Switched client


I can't achieve what I think is the simplest thing. I have TP-Link Archer C7 with OpenWRT and I want to connect it as a client to Wifi AP and bridge wifi with LAN ports, so it acts like a switch or say media converter wifi - ethernet. Nothing else, no router, no firewall, no DHCP, DNS and whatever else it does. I just need to connect 2 PCs to an AC wifi with 3x3 MIMO support and I don't want to buy two USB adapters, these supporting this speed are quite expensive. Will anyone give a tip on how to do this? Thanks.

What is your "upstream" wireless device? Is it running OpenWrt?

It is another TP-Link Archer C7 with latest stock firmware and it is configured in AP mode (no routing/NAT) but wifi seems working, i think I have problem with the bridge thing. But If it helps anything I have no problem upgrading it to OpenWRT as well

Upgrading it to OpenWrt and configuring a WDS bridge would be the easiest, in my opinion. I've run WDS successfully and found it to be robust for one or two VLANs.



I found the key in this article https://openwrt.org/docs/guide-user/network/wifi/relay_configuration

Specifically, this sentence: Since opensource wireless drivers used in OpenWrt do not support bridging in client mode, the traffic between LAN and wireless client must be joined by routing it.

That's why the bridge didn't work for me. WDS bridge works. So WDS is a better option than relayd?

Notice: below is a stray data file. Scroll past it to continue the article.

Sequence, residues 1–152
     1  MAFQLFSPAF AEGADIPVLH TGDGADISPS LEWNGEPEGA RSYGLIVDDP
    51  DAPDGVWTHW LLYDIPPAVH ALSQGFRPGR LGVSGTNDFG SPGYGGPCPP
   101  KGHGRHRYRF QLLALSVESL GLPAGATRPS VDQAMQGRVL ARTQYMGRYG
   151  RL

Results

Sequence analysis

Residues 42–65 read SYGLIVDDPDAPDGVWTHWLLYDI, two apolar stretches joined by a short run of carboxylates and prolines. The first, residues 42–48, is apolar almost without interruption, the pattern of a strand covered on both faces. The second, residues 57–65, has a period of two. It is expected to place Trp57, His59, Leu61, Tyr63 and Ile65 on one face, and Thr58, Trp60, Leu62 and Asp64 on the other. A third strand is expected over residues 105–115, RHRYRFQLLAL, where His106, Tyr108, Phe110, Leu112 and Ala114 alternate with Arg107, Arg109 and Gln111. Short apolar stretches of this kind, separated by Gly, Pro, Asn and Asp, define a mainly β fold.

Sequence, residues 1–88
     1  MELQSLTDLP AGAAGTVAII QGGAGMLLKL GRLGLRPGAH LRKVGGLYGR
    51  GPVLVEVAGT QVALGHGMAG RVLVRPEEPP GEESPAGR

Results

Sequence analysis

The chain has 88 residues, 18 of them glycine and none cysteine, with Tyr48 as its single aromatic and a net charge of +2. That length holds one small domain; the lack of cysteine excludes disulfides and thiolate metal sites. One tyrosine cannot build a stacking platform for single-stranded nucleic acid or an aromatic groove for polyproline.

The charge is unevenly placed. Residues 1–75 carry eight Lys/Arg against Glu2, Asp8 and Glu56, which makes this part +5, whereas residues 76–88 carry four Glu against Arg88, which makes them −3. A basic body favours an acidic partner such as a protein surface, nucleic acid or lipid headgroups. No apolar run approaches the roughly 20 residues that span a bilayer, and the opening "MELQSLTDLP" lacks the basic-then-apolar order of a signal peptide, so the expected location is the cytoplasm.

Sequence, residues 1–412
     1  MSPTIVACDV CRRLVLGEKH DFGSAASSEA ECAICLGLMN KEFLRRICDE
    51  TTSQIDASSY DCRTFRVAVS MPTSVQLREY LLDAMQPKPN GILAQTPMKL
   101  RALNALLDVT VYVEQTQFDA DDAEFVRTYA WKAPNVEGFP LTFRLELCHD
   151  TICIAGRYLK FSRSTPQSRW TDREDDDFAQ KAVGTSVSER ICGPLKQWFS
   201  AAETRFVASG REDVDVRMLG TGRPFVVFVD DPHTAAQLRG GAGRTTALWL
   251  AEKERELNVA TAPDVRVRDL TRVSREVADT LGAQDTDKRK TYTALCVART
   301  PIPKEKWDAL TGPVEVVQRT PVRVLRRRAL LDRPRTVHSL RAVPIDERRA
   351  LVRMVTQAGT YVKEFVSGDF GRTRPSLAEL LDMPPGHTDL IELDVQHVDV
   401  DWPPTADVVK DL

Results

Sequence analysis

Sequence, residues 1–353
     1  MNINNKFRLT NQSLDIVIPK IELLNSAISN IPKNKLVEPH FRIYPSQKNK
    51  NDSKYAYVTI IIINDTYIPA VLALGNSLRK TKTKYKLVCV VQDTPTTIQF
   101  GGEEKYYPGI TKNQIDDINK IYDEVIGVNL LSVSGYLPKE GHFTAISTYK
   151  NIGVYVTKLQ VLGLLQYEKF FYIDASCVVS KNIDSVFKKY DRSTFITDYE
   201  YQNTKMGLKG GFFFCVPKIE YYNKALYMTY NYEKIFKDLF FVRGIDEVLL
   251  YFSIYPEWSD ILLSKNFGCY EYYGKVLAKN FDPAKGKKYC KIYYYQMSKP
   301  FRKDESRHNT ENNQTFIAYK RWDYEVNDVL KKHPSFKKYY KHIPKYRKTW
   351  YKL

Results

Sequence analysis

My older Edimax router has a mode called AP Bridge Point to Point, which is described in the manual as “AP Bridge Mode” providing the function to bridge more than 2 wired Ethernet networks together by wireless LAN. You can use two access points with “AP Bridge-Point to Point mode” to bridge two wired Ethernet networks together. That's what I originally needed. Ironically, WDS mode is also supported in the stock firmware.

WDS is a true "Layer 2" bridge, working pretty much like a physical cable between the two. Of the easy-to-configure approaches, it is the one I prefer1 for one or a couple of VLANs2. One drawback to WDS is that, while the format of the packets is standardized, how each router/OS interprets them is not. Some OSes work together, some don't.

The "important" box on that page mentions WDS. Perhaps the quote refers to the interoperability problems with other router OSes?

"relayd" is a "hack" in my opinion, and only works for IPv4. It hides the fact that there is a routed network behind the connection by using proxy ARP (the router claims to be an Ethernet device that is really on the LAN behind the router) and copying broadcast packets from one side to another. When WDS doesn't work or you don't have enough control over the "upstream" router, sometimes relayd is the only choice you have.

1 Some of the more complex approaches include GRE tunnels, Layer 2 VPNs, and, if more than two stations involved, Layer 2 mesh routing like batman-adv.

2 As VLANs are an Ethernet construct, you need multiple SSIDs for multiple VLANs. Eventually "beacon pollution" becomes a problem.

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Thanks for the heads up -- edited

Thank you, so I'll stick to WDS. I can reach speeds around 330 Mbit/s, but the CPU load on OpenWRT devices is quite high. Is it normal?

For a single-core, MIPS-based processor, that is not surprising.

A 750-MHz class, "ath79" device caps out around 300-500 Mbps through the CPU with routing and NAT. An Archer C7v2 caps out around 320-390 Mbps. Since you're not NAT-ing, you perhaps can get a bit more than that.

The high "sirq" number is indicative of handling the Ethernet and wireless interrupts.

I couldn't resist trying WDS with the original firmware. It works and it's even 30% faster, so CPU is bottleneck with OpenWRT and stock firmware is much more efficient.